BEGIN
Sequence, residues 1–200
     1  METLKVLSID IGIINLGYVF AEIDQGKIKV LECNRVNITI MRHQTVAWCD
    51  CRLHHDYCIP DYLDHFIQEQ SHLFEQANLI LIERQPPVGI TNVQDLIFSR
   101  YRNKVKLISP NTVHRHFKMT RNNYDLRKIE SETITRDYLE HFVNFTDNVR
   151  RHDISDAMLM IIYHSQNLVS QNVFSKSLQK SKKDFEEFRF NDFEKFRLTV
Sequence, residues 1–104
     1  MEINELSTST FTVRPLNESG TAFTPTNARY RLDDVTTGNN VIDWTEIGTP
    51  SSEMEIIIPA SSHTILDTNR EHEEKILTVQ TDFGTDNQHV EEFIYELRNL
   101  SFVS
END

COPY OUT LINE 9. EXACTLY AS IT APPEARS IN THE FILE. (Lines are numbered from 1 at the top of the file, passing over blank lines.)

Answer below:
   101  SFVS